The use of perfume originated thousands of years ago, way before the success of the global cosmetics giants Coty and Guerlain and Marilyn‘s bedtime ritual wearing Chanel n° 5. Fragrances have always been used by the upper class to be distinguished from the mass.


In Ancient Egypt, scented oils were thought to be the sweat of the sun god Ra and were used for both ceremonial and beautification purposes. There was even a god of perfume, called Nefertum, who wore a head dress made of water lilies, popular ingredient used to make perfumes at the time. Other ingredients imported from Africa were aromatic woods and myrrh, very important for trade routes.

In Ancient Persian art, members of the royal class were pictured with perfume bottles, as shown in some portraits of rulers Darius and Xerxes. Some believe it was during this time that the distillation process was invented, thanks to the experiments of Persian doctor Avicenna.

A mural in a perfume-maker’s house in Pompeii shows the Greek and Roman perfume making process: first they would make oil by pressing olives, then they would add ingredients like plants and woods, so that the oil could take on the scent. Perfume was also used in ancient societies to bring believers closer to the gods.

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In Ancient China perfumes (mostly incense) were used as disinfectants rather than cosmetics. Women from the high society would use scented flowers to scent their hands. The same ingredients were also used for food and medicine.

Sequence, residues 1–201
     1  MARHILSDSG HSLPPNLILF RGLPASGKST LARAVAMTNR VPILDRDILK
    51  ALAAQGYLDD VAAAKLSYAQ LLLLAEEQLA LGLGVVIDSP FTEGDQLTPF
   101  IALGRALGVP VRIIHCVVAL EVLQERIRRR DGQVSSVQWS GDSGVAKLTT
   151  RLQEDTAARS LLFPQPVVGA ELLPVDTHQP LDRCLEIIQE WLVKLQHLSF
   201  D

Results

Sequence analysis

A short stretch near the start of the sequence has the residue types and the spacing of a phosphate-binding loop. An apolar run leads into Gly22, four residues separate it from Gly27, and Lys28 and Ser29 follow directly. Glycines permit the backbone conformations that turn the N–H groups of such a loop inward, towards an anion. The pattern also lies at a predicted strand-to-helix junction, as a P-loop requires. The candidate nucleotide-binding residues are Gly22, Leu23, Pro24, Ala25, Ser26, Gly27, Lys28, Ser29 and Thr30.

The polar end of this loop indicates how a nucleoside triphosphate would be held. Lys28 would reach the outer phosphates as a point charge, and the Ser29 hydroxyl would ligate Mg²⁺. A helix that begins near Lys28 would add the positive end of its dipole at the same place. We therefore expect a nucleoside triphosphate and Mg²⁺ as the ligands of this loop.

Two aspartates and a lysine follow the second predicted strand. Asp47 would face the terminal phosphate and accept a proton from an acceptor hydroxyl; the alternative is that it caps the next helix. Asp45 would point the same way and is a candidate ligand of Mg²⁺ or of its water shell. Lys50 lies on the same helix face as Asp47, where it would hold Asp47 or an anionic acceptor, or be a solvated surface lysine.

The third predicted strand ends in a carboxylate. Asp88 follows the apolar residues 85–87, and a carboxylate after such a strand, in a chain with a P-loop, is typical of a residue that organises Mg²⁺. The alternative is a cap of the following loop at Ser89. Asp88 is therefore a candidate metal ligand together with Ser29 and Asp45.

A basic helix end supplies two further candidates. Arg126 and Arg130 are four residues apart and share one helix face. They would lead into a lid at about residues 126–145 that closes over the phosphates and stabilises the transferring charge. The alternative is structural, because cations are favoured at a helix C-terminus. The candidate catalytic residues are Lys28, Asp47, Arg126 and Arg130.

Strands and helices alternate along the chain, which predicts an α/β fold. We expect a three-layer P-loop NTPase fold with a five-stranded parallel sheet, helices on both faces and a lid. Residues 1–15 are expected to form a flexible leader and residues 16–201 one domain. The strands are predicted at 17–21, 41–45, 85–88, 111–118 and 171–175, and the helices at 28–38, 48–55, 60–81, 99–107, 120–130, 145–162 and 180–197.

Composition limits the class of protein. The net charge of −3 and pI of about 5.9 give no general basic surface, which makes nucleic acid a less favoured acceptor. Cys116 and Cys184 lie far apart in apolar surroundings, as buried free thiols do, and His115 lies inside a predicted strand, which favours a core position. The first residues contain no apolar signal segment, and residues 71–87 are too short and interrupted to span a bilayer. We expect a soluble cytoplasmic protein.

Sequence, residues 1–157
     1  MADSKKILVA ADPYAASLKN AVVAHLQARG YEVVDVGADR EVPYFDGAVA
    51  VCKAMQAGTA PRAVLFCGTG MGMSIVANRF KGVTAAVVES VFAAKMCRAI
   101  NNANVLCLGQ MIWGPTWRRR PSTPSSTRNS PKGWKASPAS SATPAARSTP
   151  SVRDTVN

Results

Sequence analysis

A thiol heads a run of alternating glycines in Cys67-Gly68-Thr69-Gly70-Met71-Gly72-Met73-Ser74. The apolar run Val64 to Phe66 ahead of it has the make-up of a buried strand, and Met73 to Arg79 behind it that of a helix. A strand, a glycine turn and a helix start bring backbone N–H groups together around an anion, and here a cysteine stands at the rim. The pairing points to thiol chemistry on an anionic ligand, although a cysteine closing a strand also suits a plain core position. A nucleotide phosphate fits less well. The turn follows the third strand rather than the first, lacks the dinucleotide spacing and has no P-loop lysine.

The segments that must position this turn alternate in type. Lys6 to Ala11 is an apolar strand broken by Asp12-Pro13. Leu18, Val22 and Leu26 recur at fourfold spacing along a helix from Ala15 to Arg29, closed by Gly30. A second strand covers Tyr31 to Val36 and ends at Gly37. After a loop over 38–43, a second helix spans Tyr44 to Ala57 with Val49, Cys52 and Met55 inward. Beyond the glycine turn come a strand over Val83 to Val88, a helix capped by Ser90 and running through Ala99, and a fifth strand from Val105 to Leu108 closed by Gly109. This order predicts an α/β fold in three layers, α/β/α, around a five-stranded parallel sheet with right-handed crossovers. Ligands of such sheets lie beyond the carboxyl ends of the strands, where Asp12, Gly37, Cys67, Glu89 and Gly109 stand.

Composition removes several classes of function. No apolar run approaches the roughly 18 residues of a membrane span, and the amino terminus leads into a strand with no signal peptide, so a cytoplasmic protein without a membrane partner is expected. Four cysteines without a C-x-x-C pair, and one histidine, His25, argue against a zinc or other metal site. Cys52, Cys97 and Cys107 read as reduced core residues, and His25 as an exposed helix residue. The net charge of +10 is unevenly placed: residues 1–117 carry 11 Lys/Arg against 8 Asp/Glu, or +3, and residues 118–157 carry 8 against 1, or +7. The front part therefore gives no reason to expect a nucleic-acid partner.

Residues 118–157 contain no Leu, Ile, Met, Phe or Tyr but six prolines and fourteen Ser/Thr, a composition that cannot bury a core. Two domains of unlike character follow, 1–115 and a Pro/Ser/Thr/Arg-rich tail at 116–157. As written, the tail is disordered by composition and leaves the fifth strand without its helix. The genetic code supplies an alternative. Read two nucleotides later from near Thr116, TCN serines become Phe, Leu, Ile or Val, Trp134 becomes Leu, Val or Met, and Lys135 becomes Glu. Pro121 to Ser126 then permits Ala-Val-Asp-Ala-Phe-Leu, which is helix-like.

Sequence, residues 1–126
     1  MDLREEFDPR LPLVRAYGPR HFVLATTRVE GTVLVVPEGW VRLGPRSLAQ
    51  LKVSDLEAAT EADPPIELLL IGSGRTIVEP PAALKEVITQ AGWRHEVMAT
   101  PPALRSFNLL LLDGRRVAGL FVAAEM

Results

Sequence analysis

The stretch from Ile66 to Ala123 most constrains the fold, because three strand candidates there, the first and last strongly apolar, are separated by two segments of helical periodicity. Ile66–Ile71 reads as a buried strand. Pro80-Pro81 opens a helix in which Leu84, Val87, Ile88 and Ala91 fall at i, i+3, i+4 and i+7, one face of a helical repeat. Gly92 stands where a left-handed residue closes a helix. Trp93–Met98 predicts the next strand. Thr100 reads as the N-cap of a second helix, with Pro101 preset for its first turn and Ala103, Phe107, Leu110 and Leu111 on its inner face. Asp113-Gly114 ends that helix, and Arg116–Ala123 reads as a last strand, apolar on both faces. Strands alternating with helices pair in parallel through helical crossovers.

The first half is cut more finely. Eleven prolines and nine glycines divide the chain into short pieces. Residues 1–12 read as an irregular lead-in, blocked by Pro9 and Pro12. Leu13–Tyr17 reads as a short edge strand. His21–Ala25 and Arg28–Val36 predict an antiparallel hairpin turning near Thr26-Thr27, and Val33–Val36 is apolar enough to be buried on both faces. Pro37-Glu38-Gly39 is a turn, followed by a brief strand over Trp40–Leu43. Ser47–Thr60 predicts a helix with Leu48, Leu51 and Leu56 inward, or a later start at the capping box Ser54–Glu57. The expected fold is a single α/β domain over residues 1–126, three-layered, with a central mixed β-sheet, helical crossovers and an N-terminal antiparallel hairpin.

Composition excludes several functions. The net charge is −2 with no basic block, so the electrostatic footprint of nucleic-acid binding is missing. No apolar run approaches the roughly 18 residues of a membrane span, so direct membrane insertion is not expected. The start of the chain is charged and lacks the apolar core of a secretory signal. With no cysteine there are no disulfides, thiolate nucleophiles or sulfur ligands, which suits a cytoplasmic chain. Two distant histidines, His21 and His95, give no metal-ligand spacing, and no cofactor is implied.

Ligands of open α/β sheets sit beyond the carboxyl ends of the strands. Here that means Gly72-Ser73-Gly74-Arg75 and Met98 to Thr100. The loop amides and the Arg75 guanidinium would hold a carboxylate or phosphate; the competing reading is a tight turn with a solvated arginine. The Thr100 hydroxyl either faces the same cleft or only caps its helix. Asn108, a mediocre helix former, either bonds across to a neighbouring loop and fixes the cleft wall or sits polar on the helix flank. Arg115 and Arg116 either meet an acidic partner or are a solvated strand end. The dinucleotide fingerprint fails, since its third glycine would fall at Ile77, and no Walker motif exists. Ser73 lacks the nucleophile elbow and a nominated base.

During the Middle Ages in Europe it was thought that bad air could make you sick so women used portable perfumes called pomanders, balls of scented materials kept inside a case. The elegant accessory was used as a protection against infection in times of pestilence or merely to modify bad smells. Animal-based ingredients were also used, mostly secretions painfully scraped from the genital organs of civet cats, musk deers and otters.


But it was in Italy that the first Eau de Cologne was created. After this invention of the aqua mirabilis (a distilled made of alcohol, sage, betony, balm, and other aromatic ingredients), during the Renaissance Italy became the center of the world perfume trade for several hundred years. In Florence, the Pharmacy of Santa Maria Novella became famous in the early 16th century thanks to Catherine de Medici, daughter of the most powerful family of the city. To commemorate her marriage to Henry II, the future king of France, the monks created a special perfume named Acqua Della Regina. The perfume is still one of the most popular scents sold at the legendary pharmacy and it’s been renamed Acqua di Santa Maria Novella. The unique scent of bergamot and aromatic spices remains unchanged.


Under Catherine’s patronage the pharmacy’s repute spread, and in 1612 it opened its doors to the public. She was later accused of murdering people with her poisoned gloves.


The story of the perfume continued until the late 1800s, when the modern perfume industry was born.

C: ; Dionea ;


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